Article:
Emergent Universe from Noncommutative Spacetime
ABSTRACT The Big Bang, which was the birth of our Universe, happened at the Planck epoch. It was not an event that developed in a pre-existing space-time. Rather, it was a cosmological event simultaneously generating space-time as well as all other matter fields. Therefore, in order to describe the origin of our Universe, it is necessary to have a background-independent theory for quantum gravity in which no space-time structure is a priori assumed, but is defined from the theory. The emergent gravity based on noncommutative gauge theory provides such a background-independent formulation of quantum gravity, and the emergent space-time leads to a novel picture of the dynamical origin of space-time. We address some issues about the origin of our Universe and discuss the implications to cosmology of the emergent gravity.
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ABSTRACT: We recapitulate the scheme of emergent gravity to highlight how a background independent quantum gravity can be defined by quantizing spacetime itself.Journal of Physics Conference Series 10/2011;
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Journal of the Korean Physical Society, Vol. 57, No. 3, September 2010, pp. 578∼581
Emergent Universe from Noncommutative Spacetime
Jungjai Lee∗
Department of Physics, Daejin University, Pocheon 487-711
Hyun Seok Yang†
Institute for the Early Universe, Ewha Womans University, Seoul 120-750
(Received 4 February 2010)
The Big Bang, which was the birth of our Universe, happened at the Planck epoch. It was
not an event that developed in a pre-existing space-time. Rather, it was a cosmological event
simultaneously generating space-time as well as all other matter fields.
describe the origin of our Universe, it is necessary to have a background-independent theory for
quantum gravity in which no space-time structure is a priori assumed, but is defined from the
theory. The emergent gravity based on noncommutative gauge theory provides such a background-
independent formulation of quantum gravity, and the emergent space-time leads to a novel picture
of the dynamical origin of space-time. We address some issues about the origin of our Universe and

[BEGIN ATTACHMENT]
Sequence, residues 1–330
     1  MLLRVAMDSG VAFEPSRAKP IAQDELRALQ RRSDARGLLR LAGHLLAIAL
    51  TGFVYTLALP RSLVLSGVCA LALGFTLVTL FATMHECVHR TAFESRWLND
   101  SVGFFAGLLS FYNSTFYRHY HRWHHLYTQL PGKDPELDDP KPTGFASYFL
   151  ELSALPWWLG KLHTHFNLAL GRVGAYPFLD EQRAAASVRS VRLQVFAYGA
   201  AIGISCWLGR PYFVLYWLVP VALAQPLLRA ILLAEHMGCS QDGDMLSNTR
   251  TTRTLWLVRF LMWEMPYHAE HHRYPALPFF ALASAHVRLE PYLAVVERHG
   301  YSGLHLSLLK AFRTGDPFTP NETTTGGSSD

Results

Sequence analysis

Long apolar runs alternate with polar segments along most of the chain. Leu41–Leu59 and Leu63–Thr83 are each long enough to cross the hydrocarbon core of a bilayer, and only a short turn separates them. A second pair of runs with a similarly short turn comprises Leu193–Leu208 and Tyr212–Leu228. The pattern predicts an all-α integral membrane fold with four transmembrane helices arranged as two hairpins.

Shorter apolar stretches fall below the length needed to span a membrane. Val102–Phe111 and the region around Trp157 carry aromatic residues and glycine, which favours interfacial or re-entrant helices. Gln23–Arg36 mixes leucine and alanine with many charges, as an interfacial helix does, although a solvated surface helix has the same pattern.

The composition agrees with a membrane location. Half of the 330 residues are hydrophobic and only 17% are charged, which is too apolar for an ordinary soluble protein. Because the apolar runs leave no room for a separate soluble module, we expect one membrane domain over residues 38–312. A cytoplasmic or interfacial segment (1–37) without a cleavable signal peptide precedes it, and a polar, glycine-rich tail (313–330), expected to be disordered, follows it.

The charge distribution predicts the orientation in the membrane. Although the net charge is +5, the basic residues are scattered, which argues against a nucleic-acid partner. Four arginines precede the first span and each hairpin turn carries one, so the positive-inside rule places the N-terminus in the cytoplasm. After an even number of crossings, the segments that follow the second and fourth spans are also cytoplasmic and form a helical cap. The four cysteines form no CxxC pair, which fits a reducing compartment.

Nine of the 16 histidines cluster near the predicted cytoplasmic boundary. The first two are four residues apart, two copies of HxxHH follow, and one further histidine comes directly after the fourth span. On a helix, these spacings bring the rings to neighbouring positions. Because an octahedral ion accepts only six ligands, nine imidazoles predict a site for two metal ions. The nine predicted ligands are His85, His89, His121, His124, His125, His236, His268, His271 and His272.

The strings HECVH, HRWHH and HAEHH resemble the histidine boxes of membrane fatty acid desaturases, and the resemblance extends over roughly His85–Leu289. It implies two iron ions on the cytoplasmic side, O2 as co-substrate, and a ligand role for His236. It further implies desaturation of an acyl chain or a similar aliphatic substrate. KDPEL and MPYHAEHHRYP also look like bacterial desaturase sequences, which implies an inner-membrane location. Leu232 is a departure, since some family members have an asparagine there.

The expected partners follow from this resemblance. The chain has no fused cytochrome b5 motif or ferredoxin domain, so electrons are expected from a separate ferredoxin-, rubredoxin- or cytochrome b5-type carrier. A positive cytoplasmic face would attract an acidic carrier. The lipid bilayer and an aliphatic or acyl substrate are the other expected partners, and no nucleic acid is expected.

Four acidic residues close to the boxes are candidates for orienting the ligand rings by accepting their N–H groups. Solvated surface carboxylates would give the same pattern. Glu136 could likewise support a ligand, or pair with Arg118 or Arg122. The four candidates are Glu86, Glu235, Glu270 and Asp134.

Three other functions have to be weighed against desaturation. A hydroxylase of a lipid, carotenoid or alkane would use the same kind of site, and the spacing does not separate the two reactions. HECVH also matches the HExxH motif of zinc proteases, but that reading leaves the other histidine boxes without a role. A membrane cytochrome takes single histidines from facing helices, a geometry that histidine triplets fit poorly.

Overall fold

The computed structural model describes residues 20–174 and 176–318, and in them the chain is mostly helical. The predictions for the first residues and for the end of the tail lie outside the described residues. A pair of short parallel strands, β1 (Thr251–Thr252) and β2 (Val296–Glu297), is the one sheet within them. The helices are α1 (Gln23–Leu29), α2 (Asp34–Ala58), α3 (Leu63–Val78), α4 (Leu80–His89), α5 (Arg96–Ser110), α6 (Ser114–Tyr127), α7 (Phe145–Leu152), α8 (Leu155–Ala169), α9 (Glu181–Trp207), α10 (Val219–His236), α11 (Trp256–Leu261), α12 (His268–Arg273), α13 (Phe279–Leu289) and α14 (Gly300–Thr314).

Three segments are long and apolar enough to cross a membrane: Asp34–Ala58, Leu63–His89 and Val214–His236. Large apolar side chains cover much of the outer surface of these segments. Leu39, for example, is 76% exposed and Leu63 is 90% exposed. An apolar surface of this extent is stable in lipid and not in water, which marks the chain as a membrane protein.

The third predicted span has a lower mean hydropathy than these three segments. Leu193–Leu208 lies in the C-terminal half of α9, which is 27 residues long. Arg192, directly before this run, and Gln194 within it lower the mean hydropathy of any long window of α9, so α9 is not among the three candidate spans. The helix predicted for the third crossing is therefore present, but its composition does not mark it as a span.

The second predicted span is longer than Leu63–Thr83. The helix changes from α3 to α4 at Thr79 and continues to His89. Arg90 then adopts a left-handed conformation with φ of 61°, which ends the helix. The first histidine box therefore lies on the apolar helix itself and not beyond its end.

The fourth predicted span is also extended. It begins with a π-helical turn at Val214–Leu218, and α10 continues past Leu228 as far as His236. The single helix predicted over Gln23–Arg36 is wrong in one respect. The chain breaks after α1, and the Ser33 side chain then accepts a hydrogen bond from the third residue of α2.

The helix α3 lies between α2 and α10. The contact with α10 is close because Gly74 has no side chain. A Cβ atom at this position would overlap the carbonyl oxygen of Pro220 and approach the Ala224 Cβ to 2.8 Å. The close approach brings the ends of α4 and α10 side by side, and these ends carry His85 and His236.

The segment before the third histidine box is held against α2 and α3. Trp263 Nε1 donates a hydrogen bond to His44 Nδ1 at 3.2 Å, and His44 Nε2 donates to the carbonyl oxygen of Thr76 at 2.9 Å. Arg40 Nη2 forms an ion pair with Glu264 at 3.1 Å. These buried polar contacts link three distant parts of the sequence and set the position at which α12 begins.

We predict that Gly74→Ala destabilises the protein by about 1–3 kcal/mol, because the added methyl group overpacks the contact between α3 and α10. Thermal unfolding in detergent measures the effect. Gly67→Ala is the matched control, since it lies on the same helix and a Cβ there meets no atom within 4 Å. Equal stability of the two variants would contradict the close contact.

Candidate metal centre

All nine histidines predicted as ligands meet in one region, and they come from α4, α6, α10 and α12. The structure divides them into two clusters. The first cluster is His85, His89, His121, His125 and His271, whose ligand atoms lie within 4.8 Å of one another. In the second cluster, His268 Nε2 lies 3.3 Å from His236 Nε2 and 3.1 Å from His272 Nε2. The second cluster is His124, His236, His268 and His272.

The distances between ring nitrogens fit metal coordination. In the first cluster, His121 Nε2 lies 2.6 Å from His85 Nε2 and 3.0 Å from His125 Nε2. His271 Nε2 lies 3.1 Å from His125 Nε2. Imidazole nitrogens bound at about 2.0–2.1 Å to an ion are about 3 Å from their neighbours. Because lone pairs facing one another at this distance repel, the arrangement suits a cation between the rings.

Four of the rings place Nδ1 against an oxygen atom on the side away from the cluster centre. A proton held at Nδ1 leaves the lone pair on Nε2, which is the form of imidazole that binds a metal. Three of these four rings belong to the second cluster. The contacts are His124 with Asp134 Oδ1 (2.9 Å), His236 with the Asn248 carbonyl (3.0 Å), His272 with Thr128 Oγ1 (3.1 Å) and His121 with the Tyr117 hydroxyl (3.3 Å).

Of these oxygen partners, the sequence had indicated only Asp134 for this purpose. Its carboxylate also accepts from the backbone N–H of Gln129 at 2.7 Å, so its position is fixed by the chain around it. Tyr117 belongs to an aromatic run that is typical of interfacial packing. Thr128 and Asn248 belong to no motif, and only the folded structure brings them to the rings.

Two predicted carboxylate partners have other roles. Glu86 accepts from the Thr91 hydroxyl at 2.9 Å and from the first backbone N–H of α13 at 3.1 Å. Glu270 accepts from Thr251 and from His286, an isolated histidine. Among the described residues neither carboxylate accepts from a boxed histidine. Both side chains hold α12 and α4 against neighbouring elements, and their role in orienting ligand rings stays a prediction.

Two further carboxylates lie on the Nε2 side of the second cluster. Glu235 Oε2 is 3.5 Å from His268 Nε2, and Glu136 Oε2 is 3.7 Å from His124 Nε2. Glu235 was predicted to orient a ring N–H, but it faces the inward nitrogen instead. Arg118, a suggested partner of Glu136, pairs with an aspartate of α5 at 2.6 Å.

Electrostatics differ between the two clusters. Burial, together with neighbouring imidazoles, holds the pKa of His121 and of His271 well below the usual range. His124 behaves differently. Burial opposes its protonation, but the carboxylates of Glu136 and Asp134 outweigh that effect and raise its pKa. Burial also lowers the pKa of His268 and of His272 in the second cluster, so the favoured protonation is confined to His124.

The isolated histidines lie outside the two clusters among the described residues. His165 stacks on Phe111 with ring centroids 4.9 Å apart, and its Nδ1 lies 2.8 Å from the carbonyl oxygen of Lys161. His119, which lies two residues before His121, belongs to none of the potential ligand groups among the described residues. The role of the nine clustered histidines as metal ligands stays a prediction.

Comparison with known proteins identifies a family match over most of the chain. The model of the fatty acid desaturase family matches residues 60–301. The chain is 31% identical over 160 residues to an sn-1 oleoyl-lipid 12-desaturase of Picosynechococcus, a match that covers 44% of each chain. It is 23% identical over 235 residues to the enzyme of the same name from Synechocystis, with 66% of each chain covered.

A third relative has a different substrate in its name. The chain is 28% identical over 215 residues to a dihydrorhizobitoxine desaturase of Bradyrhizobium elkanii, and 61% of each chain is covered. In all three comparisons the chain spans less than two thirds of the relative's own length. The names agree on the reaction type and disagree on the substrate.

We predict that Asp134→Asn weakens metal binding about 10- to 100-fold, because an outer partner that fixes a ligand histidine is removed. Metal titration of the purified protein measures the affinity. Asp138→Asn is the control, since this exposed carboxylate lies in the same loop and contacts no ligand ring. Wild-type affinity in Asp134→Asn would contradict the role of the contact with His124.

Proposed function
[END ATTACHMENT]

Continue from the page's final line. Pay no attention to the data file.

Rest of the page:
discuss the implications to cosmology of the emergent gravity.
Therefore, in order to
PACS numbers: 02.40.Gh, 11.10.Nx, 98.80.-k
Keywords: Emergent gravity, Noncommutative space-time, Cosmology
DOI: 10.3938/jkps.57.578
I. INTRODUCTION
Gravity is a mysterious force. In Newtonian gravity,
it is sourced by a mass mG. The fact that gravity is
generated by a mass is a mundane feature also shared
by other forces: an electric charge for the electromag-
netic force, isospins for the weak force and color charges
for the strong force. A mysterious and clandestine fea-
ture of gravity now arises from the fact that the mass
mG as a charge generating gravitational force, the so-
called gravitational mass, is equal to the inertial mass
mIappearing in the Newton’s law of motion, F = mIa.
The equivalence principle stating that mG= mIimplies
that gravity can be interpreted as an inertial force and is
clearly a universal force because every (massive) objects
must satisfy the Newton’s law, F = mIa, so they must
be subject to the gravitational force. Gravity influences
and is influenced by everything that carries a mass.
The importance of the equivalence principle was beau-
tifully perceived by Einstein. He realized that it is always
possible to locally eliminate gravitational force by a co-
ordinate transformation, i.e., by a local inertial frame.
That immediately leads to the remarkable picture that
gravity has to describe a space-time geometry rather
than a force immanent in space-time. Furthermore, it
turns out that any object carrying an energy should feel
∗E-mail: jjlee@daejin.ac.kr
†E-mail: hsyang@ewha.ac.kr
the gravitational force; thus, even a massless particle,
e.g., a photon, cannot be exempt from gravity because a
massless particle cannot be at rest, but carries a definite
momentum p or an energy E = |p|c.
Before Einstein, space-time only served as a stage
where physical events occurred. It never appeared as
an actor. However, the equivalence principle again guar-
antees the universality of gravity and, as coined by John
A. Wheeler, the conspiracy between matters and gravity
continues such that matter tells space-time how to curve,
and space-time tells matter how to move. The spacetime,
therefore, has to serve as a stage for the electromagnetic,
the weak and the strong forces as well as an actor for the
dynamical evolution of the stage (spacetime) itself. If
gravity is a fundamental force as many still think, why
is it so different from the other fundamental forces, and